Research IndicatorsGraph generated 11 March 2017 using data from PubMed using criteria.
Mouse over the terms for more detail; many indicate links which you can click for dedicated pages about the topic. Tag cloud generated 11 March, 2017 using data from PubMed, MeSH and CancerIndex
Specific Cancers (4)
Data table showing topics related to specific cancers and associated disorders. Scope includes mutations and abnormal protein expression.
Note: list is not exhaustive. Number of papers are based on searches of PubMed (click on topic title for arbitrary criteria used).
OMIM, Johns Hopkin University
Referenced article focusing on the relationship between phenotype and genotype.
International Cancer Genome Consortium.
Summary of gene and mutations by cancer type from ICGC
Cancer Genome Anatomy Project, NCI
COSMIC, Sanger Institute
Somatic mutation information and related details
GEO Profiles, NCBI
Search the gene expression profiles from curated DataSets in the Gene Expression Omnibus (GEO) repository.
Latest Publications: MED1 (cancer-related)
Genrich G, Kruppa M, Lenk L, et al.The anti-oxidative transcription factor Nuclear factor E2 related factor-2 (Nrf2) counteracts TGF-β1 mediated growth inhibition of pancreatic ductal epithelial cells -Nrf2 as determinant of pro-tumorigenic functions of TGF-β1.
BMC Cancer. 2016; 16:155 [PubMed
] Free Access to Full Article Related Publications
BACKGROUND: Nuclear factor E2 related factor-2 (Nrf2) is an oxidative stress inducible transcription factor being essential in regulating cell homeostasis. Thus, acute induction of Nrf2 in epithelial cells exposed to inflammation confers protection from oxidative cell damage and mutagenesis supporting an anti-tumorigenic role for Nrf2. However, pancreatic ductal adenocarcinoma (PDAC) is characterized by persistent Nrf2 activity conferring therapy resistance which points to a pro-tumorigenic role of Nrf2. A similar dichotomous role in tumorigenesis is described for the Transforming Growth Factor-beta 1 (TGF-β1). The present study therefore aimed at elucidating whether the switch of Nrf2 function towards a tumor promoting one relates to the modulation of TGF-β1 induced cell responses and whether this might occur early in PDAC development.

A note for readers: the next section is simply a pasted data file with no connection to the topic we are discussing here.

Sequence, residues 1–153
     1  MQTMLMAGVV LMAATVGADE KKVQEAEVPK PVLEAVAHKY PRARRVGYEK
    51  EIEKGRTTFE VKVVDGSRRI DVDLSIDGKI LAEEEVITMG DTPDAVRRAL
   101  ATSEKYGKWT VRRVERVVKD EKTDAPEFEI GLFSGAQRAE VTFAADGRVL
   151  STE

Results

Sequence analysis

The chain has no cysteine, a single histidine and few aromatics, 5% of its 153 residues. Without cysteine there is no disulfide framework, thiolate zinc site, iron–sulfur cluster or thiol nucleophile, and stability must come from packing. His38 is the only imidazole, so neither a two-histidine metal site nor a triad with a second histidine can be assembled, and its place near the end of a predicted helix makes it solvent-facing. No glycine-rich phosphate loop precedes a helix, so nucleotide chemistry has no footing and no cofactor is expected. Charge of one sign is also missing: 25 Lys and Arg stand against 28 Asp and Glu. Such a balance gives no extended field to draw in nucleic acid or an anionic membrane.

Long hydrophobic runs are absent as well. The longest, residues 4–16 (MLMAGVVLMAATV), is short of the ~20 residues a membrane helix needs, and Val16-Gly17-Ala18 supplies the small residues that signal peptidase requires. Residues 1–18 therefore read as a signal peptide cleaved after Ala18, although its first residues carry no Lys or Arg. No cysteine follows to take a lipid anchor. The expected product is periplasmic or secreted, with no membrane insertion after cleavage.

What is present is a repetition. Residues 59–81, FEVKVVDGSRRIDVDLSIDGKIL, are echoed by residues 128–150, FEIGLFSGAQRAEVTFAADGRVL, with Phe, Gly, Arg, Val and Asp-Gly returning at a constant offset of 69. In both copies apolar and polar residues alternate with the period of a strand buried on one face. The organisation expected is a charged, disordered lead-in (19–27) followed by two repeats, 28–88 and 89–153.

METHODS: In situ analysis comprised immunohistochemical stainings of activated (phosphorylated) Nrf2 and Ki67 in pancreatic tissues containing normal ducts and pancreatic intraepithelial neoplasia (PanINs). In vitro, Nrf2 levels in benign (H6c7-pBp), premalignant (H6c7-kras) and malignant (Colo357) pancreatic ductal epithelial cells were modulated by Nrf2 specific siRNA or Nrf2 overexpression. Then, the effect of Nrf2 alone and in combination with TGF-β1 on cell growth and survival was investigated by cell counting, Ki67 staining and apoptosis assays. The underlying cell signaling was investigated by western blotting. Statistical analysis was performed by Shapiro-Wilk test for normal distribution. Parametric data were analyzed by one-way ANOVA, while non-parametric data were analyzed by Kruskal-Wallis one-way ANOVA on ranks.
RESULTS: Significantly elevated expression of activated Nrf2 and Ki67 could be detected in PanINs but not in normal pancreatic ductal epithelium. While the effect of Nrf2 on basal cell growth of H6c7-pBp, H6c7-kras and Colo357 cells was minor, it clearly attenuated the growth inhibiting effects of TGF-β1 in all cell lines. This enhanced Nrf2-mediated cell survival was predominantly based on an enhanced proliferative activity. Accordingly, expression of p21 expression along with expression of phospho-p38 and phospho-Smad3 was diminished whereas Erk-phosphorylation was enhanced under these conditions.